football Edit

Woodson becoming more vocal

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When Mobile (Ala.) LeFlore wide receiver and Rivals250 member Danny Woodson first heard that he had received an invitation to the 2011 U.S. Army All-American Bowl, the normally reserved senior had a tough time hiding his excitement from his teammates, friends and coaches.
"When I found out I got the invitation, I was amazed and immediately felt so blessed that I'm in a position to get such an honor," Woodson said. "I first started watching the Army All-American Game when DeSean Jackson was playing in it. I remember watching it then and thinking how much I would love to play in that game and now I get to live out that dream."
The 6-foot-2, 200-pound Alabama commit is one of three players from the state of Alabama to receive an invitation to the game thus far and said he feels a great sense of pride to have the opportunity to represent his home state.
"I actually know quite a few guys that are going to be there, especially the guys from Alabama: Jonathan Rose and Brent Calloway," he said. "I know the three of us are all going in there wanting to play well for ourselves but we also want to represent the state of Alabama. I think it would also be cool for me and Brent to show everybody what the University of Alabama has in store for the next few years."
Since committing to the Crimson Tide in March, Woodson has yet to waiver in his commitment despite heavy recruiting efforts from a number of SEC programs.
"I have no doubts whatsoever about my commitment. For me, it's Roll Tide all the way," he said. "The class that coach Nick Saban is putting together is a really special bunch of athletes and we have a lot of guys in this class that know how to win. I think with Coach Saban's help we can do some special things at Alabama."
After racking up 25 touchdowns for LeFlore a year ago, Woodson has hauled in 14 touchdown receptions so far this season and led his team to a playoff berth.
"Our season has gone pretty well overall," he said. "Everybody is playing hard every week and I really think we've given great effort down the stretch. We made it to the playoffs and now we're focusing on winning one game at a time and seeing if we have what it takes to make a run at a state championship.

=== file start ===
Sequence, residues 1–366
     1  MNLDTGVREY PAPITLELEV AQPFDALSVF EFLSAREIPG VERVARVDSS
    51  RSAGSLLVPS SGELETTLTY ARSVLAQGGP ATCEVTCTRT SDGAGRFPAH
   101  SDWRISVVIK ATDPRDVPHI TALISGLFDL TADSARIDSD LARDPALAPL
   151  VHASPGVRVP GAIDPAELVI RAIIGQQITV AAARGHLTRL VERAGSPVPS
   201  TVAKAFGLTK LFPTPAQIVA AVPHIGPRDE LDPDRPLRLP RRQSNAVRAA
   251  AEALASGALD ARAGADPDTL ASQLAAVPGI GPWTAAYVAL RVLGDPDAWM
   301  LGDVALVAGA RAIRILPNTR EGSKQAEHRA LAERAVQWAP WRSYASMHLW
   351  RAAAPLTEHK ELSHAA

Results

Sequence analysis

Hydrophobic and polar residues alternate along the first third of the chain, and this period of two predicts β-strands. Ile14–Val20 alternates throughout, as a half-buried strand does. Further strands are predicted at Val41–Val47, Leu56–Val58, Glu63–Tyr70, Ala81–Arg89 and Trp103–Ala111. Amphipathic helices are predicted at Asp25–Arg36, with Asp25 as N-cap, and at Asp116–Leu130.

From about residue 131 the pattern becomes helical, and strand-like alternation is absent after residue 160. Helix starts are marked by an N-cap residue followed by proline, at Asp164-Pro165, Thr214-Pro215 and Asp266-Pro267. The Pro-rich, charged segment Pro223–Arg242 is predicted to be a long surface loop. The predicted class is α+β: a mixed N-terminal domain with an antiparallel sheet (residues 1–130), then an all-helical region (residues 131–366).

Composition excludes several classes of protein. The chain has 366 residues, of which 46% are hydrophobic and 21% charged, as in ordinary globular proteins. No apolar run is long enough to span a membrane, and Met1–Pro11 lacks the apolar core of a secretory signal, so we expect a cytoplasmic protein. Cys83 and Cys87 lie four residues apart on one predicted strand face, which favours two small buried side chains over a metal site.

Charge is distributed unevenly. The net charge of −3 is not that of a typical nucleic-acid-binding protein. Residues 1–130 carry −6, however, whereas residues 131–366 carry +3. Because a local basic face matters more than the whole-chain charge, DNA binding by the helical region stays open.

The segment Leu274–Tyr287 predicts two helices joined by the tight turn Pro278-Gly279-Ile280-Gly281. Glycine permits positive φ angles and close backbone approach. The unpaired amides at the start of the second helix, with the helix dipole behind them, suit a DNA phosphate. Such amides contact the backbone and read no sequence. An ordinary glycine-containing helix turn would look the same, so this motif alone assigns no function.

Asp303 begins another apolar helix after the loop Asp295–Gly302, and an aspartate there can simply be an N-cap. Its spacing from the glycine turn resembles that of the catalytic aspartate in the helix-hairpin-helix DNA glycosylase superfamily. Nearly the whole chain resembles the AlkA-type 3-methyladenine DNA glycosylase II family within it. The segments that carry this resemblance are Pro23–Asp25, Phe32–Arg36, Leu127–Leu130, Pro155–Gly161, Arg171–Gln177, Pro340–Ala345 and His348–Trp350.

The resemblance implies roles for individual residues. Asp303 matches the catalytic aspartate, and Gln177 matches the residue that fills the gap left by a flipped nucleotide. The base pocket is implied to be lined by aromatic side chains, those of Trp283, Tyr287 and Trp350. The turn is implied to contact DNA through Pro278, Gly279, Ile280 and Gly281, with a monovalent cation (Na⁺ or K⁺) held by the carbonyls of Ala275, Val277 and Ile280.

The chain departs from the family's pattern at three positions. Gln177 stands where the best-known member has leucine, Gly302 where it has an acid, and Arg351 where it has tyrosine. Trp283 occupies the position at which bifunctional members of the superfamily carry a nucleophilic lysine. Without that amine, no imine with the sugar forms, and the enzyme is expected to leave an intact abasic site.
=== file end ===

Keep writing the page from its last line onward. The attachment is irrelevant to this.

"I really believe in my teammates and I think we have the potential to go all the way if we keep working hard and believing we are good enough to do it."
Among the highlights of Woodson's senior season was a triple-overtime thriller against area rival Vigor in which Woodson squared off against fellow Crimson Tide commit Marvin Shinn.
"The game with Vigor was amazing," he said. "Every single player on both teams gave everything they had in that game and the atmosphere was crazy. Nobody wanted to lose and both defenses played great. In the end Vigor just had a few more plays than us and we made a few more mistakes than they did and they were able to pull out the win.
"I was actually really happy to see Marvin Shinn play so well. I wanted our team to win but it's hard not to enjoy watching him play. It's going to be great when we're finally making plays for the same team."
While Woodson has had to adjust his game this year to deal with double- and triple-team coverage at times, the senior star said he believes the biggest improvements he has made as a player this season show up more on the sidelines than on the field.
"I think the thing I really tried to do this year that I haven't always done before is try and pick my teammates up when things start going wrong," he said. "It's natural when the game isn't going your way to start to get down and feel discouraged but I think it's a leader's job to keep that from happening and keep people's spirits up.
"Comebacks happen but they can only happen if the whole team keeps believing they are going to win, even when things aren't going well. That's when leaders have to come through and I've really tried to make that my job this year."
Of all the friends, family members and local fans, Woodson said the support he values the most comes from his grandmother, who never misses a chance to see her grandson play in person.
"She's my No. 1 fan," he said. "Every time I score, I look for her in the stands and we point at each other. She's been there for me my whole life and I always keep her in mind when I play. She's a big part of my motivation. I want to make her proud. She's planning on coming out for the Army All-American game but she's not really into flying. We'll have to figure out some way to get her down there."
The U.S. Army All-American Bowl, played on Jan. 8 in San Antonio, is in its 11th year and will be televised by NBC.